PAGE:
The Supreme Court's recent decision in Allen v. Hardy, 478 U.S. 255, 106 S. Ct. 2878, 92 L. Ed. 2d 199 (1986), also supports our view. In Allen the Supreme Court held that its rule in Batson v. Kentucky, 476 U.S. 79, 106 S. Ct. 1712, 90 L. Ed. 2d 69 (1986), should not be applied retroactively on collateral review to convictions that became final before Batson was decided. In Batson, a case implicating the Constitution, the Court overruled a portion of Swain v. Alabama, 380 U.S. 202, 13 L. Ed. 2d 759, 85 S. Ct. 824 (1985), and changed the standard for proving unconstitutional abuse of peremptory challenges. Although the Supreme Court's views on retroactivity are far from clear and settled, see, e.g., Griffith v. Kentucky, 479 U.S. 314, 107 S. Ct. 708, 93 L. Ed. 2d 649 (1987) and cases cited therein, it appears reasonable to conclude that a more stringent test as to retroactivity should be applied in cases relating to constitutional guarantees than in cases such as the one now before us concerning statutory interpretation.
Another case and the test set forth therein worthy of mention here is United States v. Davis, 417 U.S. 333, 41 L. Ed. 2d 109, 94 S. Ct. 2298 (1974), although, unlike Smith, the defendant in Davis raised the relevant issue at trial and on direct appeal. In Davis, a selective service case concerning statutory and regulatory interpretation, the Supreme Court granted relief after conviction pursuant to 28 U.S.C. § 2255 because of a subsequent change in the law. However, in reaching its decision, the Davis court made it clear that not every asserted error of law can be raised on a 28 U.S.C. § 2255 motion. Davis, 417 U.S. at 346. The appropriate inquiry is whether "the claimed error . . . was a 'fundamental defect which inherently results in a complete miscarriage of justice,' and whether 'it . . . present[s] exceptional circumstances where the need for the remedy afforded by the writ of habeas corpus is apparent.'" Davis, 417 U.S. at 346 quoting from Hill v. United States, 368 U.S. 424, 428-429, 7 L. Ed. 2d 417, 82 S. Ct. 468 (1962).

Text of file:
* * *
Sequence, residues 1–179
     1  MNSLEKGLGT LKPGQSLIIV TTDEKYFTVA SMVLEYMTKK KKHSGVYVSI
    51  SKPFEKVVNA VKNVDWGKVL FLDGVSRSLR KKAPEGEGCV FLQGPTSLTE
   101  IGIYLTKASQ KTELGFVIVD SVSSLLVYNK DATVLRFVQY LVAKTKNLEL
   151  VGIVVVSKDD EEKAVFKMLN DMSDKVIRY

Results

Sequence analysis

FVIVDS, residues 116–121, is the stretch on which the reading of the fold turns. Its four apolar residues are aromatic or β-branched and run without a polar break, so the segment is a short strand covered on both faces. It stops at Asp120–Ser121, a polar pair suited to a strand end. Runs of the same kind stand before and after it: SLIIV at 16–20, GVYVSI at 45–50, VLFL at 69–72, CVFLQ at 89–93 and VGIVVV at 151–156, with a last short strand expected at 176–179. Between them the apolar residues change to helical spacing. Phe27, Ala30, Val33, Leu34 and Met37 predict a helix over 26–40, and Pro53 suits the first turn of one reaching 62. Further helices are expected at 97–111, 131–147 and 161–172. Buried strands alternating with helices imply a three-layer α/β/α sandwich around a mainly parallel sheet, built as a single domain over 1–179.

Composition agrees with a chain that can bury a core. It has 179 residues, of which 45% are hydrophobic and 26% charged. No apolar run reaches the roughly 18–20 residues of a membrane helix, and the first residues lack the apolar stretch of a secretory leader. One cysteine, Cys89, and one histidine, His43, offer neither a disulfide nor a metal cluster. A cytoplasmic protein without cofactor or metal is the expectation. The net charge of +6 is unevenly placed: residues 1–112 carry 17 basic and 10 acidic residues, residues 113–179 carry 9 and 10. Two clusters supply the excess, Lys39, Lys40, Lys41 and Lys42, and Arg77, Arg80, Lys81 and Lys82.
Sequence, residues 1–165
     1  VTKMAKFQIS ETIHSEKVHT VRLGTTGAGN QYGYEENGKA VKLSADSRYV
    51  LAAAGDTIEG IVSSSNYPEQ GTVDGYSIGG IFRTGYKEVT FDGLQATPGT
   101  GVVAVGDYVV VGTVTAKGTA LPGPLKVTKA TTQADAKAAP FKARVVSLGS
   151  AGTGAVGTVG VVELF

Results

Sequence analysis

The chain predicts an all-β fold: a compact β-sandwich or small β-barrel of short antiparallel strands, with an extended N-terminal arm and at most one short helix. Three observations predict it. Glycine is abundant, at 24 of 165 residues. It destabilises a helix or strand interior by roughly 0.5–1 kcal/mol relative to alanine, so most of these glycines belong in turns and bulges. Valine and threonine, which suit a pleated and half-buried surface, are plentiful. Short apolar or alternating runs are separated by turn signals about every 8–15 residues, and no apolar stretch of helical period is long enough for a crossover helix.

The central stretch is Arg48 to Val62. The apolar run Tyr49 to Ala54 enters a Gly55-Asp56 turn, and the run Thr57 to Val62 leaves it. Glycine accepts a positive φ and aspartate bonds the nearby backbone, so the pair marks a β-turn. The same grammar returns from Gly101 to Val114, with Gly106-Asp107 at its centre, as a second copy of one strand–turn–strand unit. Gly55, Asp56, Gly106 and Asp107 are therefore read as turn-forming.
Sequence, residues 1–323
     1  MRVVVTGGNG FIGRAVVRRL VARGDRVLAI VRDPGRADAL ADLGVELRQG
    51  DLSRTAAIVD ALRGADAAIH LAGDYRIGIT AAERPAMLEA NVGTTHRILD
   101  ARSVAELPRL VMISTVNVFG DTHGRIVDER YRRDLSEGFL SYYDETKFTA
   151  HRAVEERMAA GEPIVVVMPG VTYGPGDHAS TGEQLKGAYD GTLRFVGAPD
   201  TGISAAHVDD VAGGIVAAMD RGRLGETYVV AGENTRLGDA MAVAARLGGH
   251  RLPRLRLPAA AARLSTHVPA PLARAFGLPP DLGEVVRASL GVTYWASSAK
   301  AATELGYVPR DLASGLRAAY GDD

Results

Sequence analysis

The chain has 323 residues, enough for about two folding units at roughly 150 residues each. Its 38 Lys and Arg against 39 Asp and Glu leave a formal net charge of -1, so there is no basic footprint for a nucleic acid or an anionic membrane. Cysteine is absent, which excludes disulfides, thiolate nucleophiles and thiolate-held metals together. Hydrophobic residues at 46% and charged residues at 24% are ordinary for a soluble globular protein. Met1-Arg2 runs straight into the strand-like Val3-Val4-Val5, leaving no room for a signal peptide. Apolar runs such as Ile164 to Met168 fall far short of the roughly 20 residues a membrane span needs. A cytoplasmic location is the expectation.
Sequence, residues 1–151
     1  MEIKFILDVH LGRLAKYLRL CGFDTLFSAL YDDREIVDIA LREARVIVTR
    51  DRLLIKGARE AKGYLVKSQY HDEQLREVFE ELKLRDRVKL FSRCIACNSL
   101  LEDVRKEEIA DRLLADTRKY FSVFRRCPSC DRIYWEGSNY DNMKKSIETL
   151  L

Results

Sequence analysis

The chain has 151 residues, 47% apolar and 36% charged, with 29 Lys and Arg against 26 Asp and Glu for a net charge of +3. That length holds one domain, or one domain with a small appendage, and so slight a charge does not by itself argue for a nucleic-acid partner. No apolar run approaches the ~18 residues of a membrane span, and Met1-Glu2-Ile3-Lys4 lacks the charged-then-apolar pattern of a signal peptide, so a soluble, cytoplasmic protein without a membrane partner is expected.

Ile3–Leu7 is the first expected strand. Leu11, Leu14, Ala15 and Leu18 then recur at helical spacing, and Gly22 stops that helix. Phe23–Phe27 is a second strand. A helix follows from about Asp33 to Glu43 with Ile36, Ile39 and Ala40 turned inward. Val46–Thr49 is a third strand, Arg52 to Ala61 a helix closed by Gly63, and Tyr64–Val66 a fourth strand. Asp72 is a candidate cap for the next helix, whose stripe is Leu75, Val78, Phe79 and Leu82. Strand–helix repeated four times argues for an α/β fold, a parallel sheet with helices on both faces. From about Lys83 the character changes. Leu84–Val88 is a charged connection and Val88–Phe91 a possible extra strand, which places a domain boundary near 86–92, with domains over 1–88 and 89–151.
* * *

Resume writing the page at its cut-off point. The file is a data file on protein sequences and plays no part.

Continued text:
Smith is not entitled to relief pursuant to 28 U.S.C. § 2255 because of his failure to raise the "intangible rights" issue prior to the finality of his conviction; however, even if Smith had raised the issue, it does not appear that our "intangible rights" instruction would require retroactive application of McNally because the indictment in this case charged the property loss required by McNally and the proof at trial established that the scheme to defraud would bring financial loss to the Commonwealth of Pennsylvania.
The indictment charged that it was part of the conspiracy that:
The Defendants would obtain lucrative contracts from state and local government without competitive bidding, notwithstanding the fact that others were willing to perform substantially identical FICA recovery work at a much lower cost.